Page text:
Gaps in end of life care
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GAPS IN END OF LIFE CARE. BY MICHAEL MARSCHKE, MD MEDICAL DIRECTOR OF HORIZON HOSPICE. DEATH & DYING 2005. 80% of Americans die in Institutions today 90% still die of a chronic illness 100% of patients die. WHAT DYING CAN BRING.

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GAPS IN END OF LIFE CARE

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Gaps in end of life care

GAPS IN END OF LIFE CARE

BY

MICHAEL MARSCHKE, MD

MEDICAL DIRECTOR OF HORIZON HOSPICE


Death dying 2005

DEATH & DYING 2005

  • 80% of Americans die in

    Institutions today

  • 90% still die of a chronic illness

  • 100% of patients die


What dying can bring

WHAT DYING CAN BRING

  • Physical suffering – pain, dyspnea, weakness, vomiting, constipation, weight loss

  • Loss of independence – cannot do own ADLs, incontinence, loss of decision-making ability

  • Psychologic distress – depression, fear, feelings of being burdensome

  • Social isolation

  • Financial pressure

  • Spiritual distress


Barriers to a dignified comfortable death

BARRIERS TO A DIGNIFIED, COMFORTABLE DEATH

  • Undue physical suffering

  • Emotional turmoil

  • Financial constraints

  • Family stress

  • Cultural barriers

  • Poor communication

  • Spiritual concerns

  • Institutionalization

  • Lack of bereavement


Physical suffering

PHYSICAL SUFFERING

  • What are the most common symptoms in the dying patient?

  • How good are we at pain control?

  • <5% of medical schools have formal courses on the care of the dying

  • What are the patient’s concerns?

  • Differing goals

  • Nutrition, hydration issues


Barriers to narcotic use

BARRIERS TO NARCOTIC USE

  • Physicians unfamiliar with proper use and in past felt it was being monitored

  • Tolerance effects

  • Fear of side effects

  • Ethical issues – double effect

  • “Street drugs”

  • Fear of addiction


Emotional turmoil

EMOTIONAL TURMOIL

  • Emotional ‘stages’ of death

  • Psychologic impact on physical suffering

  • Impact on the family

  • Euthanasia/suicide


Financial constraints

FINANCIAL CONSTRAINTS

  • Impact on hospice care

  • Impact on the family

  • Hospice vs. non-hospice

  • “I don’t want to be a burden”


Family stress

FAMILY STRESS

  • Burdens of care

  • Burn-out

  • Leave of absence

  • Handling the patient’s care needs/education


Cultural barriers

CULTURAL BARRIERS

  • Role of culture in death and dying

  • Unfamiliarity of cultural rituals in an urban area

  • Role in suffering

  • Road blocks to care


Poor communication

POOR COMMUNICATION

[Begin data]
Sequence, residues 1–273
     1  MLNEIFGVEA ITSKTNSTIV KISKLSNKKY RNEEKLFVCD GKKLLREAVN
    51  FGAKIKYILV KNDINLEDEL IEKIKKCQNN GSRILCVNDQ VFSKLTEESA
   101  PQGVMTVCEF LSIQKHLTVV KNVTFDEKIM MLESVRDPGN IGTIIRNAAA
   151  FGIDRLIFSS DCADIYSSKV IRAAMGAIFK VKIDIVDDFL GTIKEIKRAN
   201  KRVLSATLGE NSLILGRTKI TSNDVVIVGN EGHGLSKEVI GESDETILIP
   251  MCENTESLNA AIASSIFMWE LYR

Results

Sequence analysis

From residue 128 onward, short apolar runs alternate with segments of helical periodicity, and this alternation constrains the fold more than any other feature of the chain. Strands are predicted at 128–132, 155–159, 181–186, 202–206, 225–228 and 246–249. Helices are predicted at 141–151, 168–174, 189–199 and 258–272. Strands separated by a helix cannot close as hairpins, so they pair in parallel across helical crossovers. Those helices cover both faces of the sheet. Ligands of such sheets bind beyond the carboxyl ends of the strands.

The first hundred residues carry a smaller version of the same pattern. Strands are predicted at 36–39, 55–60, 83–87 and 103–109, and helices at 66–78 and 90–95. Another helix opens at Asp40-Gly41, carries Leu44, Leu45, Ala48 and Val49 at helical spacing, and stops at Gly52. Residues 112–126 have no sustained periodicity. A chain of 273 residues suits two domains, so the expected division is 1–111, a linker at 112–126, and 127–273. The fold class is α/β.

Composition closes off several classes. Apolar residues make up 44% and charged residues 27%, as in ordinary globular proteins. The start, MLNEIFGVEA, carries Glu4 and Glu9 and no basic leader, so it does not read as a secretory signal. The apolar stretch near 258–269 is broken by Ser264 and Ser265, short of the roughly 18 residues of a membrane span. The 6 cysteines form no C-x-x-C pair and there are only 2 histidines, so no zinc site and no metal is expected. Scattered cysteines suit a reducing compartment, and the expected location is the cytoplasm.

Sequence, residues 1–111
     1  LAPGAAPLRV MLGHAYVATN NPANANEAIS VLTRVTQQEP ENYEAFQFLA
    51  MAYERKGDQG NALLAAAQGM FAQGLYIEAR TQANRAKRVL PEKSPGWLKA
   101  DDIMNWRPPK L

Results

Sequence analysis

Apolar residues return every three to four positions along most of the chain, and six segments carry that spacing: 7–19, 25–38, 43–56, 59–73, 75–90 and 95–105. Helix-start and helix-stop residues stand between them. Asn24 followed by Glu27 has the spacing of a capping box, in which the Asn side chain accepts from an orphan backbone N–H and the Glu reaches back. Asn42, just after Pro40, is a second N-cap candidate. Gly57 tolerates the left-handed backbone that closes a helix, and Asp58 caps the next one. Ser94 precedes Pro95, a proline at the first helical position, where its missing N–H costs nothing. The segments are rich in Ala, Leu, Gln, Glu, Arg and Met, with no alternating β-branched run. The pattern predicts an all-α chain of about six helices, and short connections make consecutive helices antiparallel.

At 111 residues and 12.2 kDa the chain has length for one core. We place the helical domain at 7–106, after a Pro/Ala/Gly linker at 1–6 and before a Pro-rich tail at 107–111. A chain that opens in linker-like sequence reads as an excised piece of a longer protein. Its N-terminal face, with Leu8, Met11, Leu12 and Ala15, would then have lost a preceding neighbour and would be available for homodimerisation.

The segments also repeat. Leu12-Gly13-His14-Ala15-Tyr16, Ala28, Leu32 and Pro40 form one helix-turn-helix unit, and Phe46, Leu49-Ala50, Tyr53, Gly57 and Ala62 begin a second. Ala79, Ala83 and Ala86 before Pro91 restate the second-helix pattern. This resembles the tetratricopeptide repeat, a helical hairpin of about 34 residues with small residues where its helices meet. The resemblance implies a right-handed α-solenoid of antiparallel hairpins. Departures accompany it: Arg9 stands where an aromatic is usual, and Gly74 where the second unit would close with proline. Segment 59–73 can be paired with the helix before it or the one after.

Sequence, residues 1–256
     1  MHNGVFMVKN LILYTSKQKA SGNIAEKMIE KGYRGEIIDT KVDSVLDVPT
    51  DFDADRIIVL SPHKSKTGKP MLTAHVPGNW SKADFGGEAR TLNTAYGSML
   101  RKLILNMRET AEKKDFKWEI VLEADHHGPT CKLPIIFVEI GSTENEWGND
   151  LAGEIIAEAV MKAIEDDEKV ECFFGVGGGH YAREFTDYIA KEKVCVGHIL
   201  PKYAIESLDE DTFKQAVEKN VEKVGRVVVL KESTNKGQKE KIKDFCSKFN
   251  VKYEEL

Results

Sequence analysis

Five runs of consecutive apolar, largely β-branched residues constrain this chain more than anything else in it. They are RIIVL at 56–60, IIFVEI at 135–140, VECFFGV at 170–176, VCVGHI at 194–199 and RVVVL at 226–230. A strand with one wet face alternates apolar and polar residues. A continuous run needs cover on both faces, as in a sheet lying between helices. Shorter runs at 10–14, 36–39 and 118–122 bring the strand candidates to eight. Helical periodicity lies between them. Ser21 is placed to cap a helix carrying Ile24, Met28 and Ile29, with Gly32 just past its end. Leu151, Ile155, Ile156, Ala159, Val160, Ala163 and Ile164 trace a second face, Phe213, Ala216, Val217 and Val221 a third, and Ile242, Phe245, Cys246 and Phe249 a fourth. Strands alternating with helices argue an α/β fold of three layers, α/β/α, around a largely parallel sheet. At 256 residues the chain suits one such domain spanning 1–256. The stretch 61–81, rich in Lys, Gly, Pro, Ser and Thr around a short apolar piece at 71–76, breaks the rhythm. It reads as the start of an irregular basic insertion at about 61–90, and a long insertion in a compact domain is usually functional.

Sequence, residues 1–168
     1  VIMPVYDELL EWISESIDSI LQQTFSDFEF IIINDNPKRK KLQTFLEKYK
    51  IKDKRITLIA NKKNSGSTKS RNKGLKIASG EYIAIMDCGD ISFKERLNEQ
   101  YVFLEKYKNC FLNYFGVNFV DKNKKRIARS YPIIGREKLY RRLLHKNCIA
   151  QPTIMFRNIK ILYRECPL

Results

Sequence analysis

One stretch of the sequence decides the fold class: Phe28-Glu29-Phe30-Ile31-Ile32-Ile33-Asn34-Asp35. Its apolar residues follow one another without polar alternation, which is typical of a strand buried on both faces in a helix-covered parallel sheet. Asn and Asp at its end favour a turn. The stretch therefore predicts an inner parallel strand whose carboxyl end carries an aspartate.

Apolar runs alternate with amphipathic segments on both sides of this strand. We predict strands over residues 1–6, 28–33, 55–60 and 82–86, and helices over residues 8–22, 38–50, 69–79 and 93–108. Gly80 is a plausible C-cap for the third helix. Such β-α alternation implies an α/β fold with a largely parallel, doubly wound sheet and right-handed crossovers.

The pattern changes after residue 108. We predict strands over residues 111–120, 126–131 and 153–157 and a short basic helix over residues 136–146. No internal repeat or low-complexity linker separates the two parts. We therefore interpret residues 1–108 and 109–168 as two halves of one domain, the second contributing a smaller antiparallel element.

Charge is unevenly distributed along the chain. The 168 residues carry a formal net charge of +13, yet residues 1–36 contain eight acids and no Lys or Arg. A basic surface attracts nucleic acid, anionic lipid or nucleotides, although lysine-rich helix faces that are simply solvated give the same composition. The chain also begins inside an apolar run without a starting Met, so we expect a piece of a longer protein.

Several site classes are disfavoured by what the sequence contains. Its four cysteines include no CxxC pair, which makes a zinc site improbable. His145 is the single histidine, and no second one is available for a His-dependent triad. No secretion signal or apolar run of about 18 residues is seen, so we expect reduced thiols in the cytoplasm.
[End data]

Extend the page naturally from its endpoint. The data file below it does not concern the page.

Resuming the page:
• Physician’s difficulty in presenting bad news

  • Physicians’ personal fears

  • Being hopeful vs. realistic

  • Mis-information

  • Lack of advanced directives

  • Caregiver communication


Spiritual concerns

SPIRITUAL CONCERNS

  • Meaning and purpose of life

  • Completion

  • How they impact on suffering

  • Role of physicians with spiritual concerns


Institutionalization

INSTITUTIONALIZATION

  • Only 15-20% of the dying receive hospice care, and 80% die in institutions

  • Breakdown of family unit

  • Pushing death away

  • Impersonal nature of institutional death


Lack of bereavement

LACK OF BEREAVEMENT

  • Little in the way of bereavement programs in many areas

  • Unresolved grief

  • High risk period after spousal death

  • Poor contact by MD

  • Get on with life


How does a hospice address these barriers

Physical suffering -

Emotional turmoil -

Multi-disciplinary

Experts in chronic pain

High pain relief

Concentrate on what the patient would want

Multi-disciplinary

Social worker on call

Alleviating suffering can prevent suicide

Being there

HOW DOES A HOSPICE ADDRESS THESE BARRIERS


How does hospice address these barriers

Financial constraints –

Social worker

Hospice pays for more home care

Indigent care

Volunteers

HOW DOES HOSPICE ADDRESS THESE BARRIERS


How does hospice address these barriers1

Family stress -

Cultural barriers-

CNA, volunteer help

Social work support

Respite care

Education

Volunteers from different backgrounds

Learn about their approaches/needs

Interpreters

HOW DOES HOSPICE ADDRESS THESE BARRIERS


How does hospice address these barriers2

Poor communication –

Spiritual concerns -

Find out what the patient knows and wants to know

Be realistic

Open lines of communication

Chaplains

Accept and be open about how their spirituality affects them

Life review

HOW DOES HOSPICE ADDRESS THESE BARRIERS


How does hospice address these barriers3

Institutionalization

Lack of bereavement -

Hospice is not a place

80% of care done at home

Hospice stays involved for 13 more months

Bereavement team

Support groups

HOW DOES HOSPICE ADDRESS THESE BARRIERS


What can you do as a future physician

WHAT CAN YOU DO AS A FUTURE PHYSICIAN

  • Realize your key role in this passage of your patient’s life

  • Learn how to use narcotics the right way

  • Be open with communication and plan ahead

  • Use other disciplines

  • Understand your patient’s wishes

  • Alleviate suffering

  • Realize your own vulnerabilities

  • Recognize the naturalness of dying


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